I’m often asked by business analysts about the logical career paths for their role.  As I’ve probed further into these conversations, it finally dawned on me why the BA role has long carried somewhat of a stigma relative to the product management role – many BAs perceive their role to be a dead-end job.  Nothing could be further from the truth.

Behind every great product manager is a great business analyst, whether they carry the title or not. (Product owner, technical product manager and subject matter expert/SME are synonymous with business analyst.)  If product managers focus on the “who, what & why” elements of defining solutions, BAs do the heavy lifting to figure out “how” the solutions work from a functional user perspective.

With that simple division of responsibilities as the backdrop, BAs have more career options than they might imagine.

Consider some of the key strengths of good BAs…

  • Incredible attention to detail
  • Good working knowledge of user work processes
  • Excellent problem solvers
  • Great at documenting details
  • Strong project management skills
  • Product expert

These skills transition more naturally into some roles than others.  The most natural transitions are as follows, but the choices certainly aren’t limited to these roles.

  • Client Services Managers / Engagement Managers – responsible for managing client implementations or helping clients implement product solutions.
  • Managers of Design Teams – The stock for good design practices has been on the rise, especially as the focus on usability has skyrocketed.  Good BAs have a method for getting to the root cause of a need or problem, regardless of their domain knowledge.  It’s a skill that’s paramount to product design.  Someone needs to lead the charge for design teams that are quickly growing in numbers.
  • Project Manager/Program Manager – responsible for overseeing the coordination of tasks, schedules and milestones across all disciplines related to a major launch.
  • Product Operations – a role in many (typically larger) organizations responsible for creating and maintaining the business infrastructure for product management.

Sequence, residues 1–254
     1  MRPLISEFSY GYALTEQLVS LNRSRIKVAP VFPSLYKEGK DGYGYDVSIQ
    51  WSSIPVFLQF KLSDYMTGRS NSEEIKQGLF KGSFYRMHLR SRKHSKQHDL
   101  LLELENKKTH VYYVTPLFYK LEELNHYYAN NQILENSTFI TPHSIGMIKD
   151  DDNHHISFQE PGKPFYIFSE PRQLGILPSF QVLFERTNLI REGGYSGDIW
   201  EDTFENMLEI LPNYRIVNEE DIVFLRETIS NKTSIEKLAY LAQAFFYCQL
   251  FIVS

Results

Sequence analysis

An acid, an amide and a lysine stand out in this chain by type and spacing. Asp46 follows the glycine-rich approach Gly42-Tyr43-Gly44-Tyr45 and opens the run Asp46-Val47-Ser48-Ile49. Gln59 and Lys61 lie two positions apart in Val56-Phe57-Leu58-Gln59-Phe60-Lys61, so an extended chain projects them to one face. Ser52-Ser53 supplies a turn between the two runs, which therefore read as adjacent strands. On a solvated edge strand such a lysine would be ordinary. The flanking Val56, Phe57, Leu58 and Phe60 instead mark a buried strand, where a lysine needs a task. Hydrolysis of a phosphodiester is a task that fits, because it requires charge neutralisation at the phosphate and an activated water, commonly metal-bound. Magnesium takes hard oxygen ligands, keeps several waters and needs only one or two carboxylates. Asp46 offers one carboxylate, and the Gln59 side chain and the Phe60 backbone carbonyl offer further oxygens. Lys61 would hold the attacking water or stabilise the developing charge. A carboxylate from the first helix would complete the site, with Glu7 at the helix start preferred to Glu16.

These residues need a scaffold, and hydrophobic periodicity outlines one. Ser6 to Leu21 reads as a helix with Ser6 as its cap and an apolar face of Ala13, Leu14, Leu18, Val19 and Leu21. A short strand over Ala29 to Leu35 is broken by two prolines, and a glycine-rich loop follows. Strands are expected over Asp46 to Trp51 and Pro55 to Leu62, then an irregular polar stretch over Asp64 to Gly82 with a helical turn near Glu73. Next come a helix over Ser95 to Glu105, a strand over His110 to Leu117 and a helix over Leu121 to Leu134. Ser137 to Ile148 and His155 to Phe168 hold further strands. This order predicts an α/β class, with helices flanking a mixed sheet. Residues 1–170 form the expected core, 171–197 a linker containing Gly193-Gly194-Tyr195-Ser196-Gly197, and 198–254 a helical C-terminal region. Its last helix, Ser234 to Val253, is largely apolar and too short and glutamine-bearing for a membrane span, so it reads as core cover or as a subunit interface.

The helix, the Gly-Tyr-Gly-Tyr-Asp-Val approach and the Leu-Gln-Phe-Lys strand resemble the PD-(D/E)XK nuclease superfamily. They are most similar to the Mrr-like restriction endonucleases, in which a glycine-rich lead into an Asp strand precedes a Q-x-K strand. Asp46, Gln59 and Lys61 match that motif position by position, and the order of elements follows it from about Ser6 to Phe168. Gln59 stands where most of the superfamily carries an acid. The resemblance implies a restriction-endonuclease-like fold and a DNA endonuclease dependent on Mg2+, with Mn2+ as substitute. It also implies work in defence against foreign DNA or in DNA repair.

Surprised not to see product manager?  There are plenty of BAs who make the transition successfully.  It’s just not one of the most natural.  Why?  The comfort zone of each role is at the opposite end of the spectrum.

Product managers have to be more knowledgeable about the markets and business practices of their target customers than they are about the details of their products.  BAs have to be more knowledgeable about detailed product functionality and user workflows than they are about markets and business practices, making for a more challenging transition into product management than other roles.  But there is plenty of living proof it can be done.

Of course, there are many organizations that value detailed product knowledge and technical skills more than market and business knowledge.  In those situations, BAs who want to become product managers are golden.

The Best Business Analysts Come From…

In my experience, the most talented BAs came from one of two roles:

  1. Client services roles that have implemented your products or other similar products across a variety of customer organizations.
  2. Practitioners/customers who have functioned in the roles of your target users in more than one organization.

Rising Demand & Short Supply

The demand for strong BAs and functional product design is riding an all-time high and shows no signs of slowing as B2B product companies finally focus on product usability that eliminates the 50 lb. user manuals.  Thank you to companies like Apple, Citrix and TiVo for raising the usability bar!

High demand and short supply usually equates to rising prices.  So if you’re a BA and you enjoy working with engineers to design products, you might just want to stay put.  In addition to the rising compensation, the accolades for cool design and usability certainly aren’t trending the way of the product manager!

What other common roles have you seen BAs transition to?  Enter your comments below.